Remembering Our Own ‘Kristallnacht’
By the time you receive your copy of Naad (January, 2020), we would have just gone through the renewed pain of remembering the Nishkasan Day, the Night of Jan 19/20, 1990. Those of us who where eye witnesses to the events of that night and who are still alive, must be wondering whether our countrymen and women or the political parties that rule us, have drawn any lessons from the events of that night- a night that proved to be a turning point as we approached our seventh exodus from Kashmir, ever since the arrival of Islam in the Valley in the 14th century.
Our community is quite fond of comparing our situation to the Jews, and for right reasons. However, our similarities to their situation cannot be extended beyond a point. Nevertheless, I would like to bring forth one situation which the German Jews suffered in 1938 at the hands of Hitler-led Nazis. On November 9 and 10, 1938, Nazis torched synagogues, vandalized Jewish homes, schools and businesses and killed close to 100 Jews. History remembers this day as ‘Kristallnacht’, or the Night of Broken Glass. During the mayhem over two days, some 30,000 Jewish men were arrested and sent to Nazi concentration camps. This event reminds us of what happened to us on Jan 19/20 night. However, the similarity to some extent, ends there.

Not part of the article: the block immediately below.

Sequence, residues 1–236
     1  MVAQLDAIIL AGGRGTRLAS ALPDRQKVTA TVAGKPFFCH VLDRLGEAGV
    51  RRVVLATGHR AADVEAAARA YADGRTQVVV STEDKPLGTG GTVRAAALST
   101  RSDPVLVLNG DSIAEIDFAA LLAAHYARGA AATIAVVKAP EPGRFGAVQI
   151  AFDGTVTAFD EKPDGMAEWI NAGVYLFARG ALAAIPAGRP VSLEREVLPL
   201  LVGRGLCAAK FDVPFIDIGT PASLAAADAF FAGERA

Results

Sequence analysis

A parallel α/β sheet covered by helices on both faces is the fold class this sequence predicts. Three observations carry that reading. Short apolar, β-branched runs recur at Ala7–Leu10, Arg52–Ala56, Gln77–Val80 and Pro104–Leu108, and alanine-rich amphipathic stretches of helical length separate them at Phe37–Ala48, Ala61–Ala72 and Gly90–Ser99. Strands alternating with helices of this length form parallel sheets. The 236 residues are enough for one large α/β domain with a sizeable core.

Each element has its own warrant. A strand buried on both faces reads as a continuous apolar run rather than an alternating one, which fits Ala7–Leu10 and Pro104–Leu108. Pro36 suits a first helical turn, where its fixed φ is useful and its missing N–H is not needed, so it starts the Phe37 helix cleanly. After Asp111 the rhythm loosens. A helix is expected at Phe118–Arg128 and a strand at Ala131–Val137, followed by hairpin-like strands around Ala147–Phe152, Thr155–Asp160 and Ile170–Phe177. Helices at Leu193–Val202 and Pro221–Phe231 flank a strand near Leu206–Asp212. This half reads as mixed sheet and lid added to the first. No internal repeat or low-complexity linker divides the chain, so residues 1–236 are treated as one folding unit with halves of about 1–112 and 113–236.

Many factors saved us from total annihilation on this night, though the objectives of the Pakistan-sponsored (Policy implemented by its notorious Inter-Services Intelligence, ISI) Islamists, who are known by various names in Kashmir, i.e., separatists, militants, Jihadis, radicals, terrorists, Salafists, Wahabis, even (in some cases),‘mainstream politicians’, were fully met. Starting this date, over a period of nine months, the Valley was almost entirely cleansed of Pandits, the only community with significant numbers that professed different faith from the other community whose overwhelming presence represented 95 % of the population.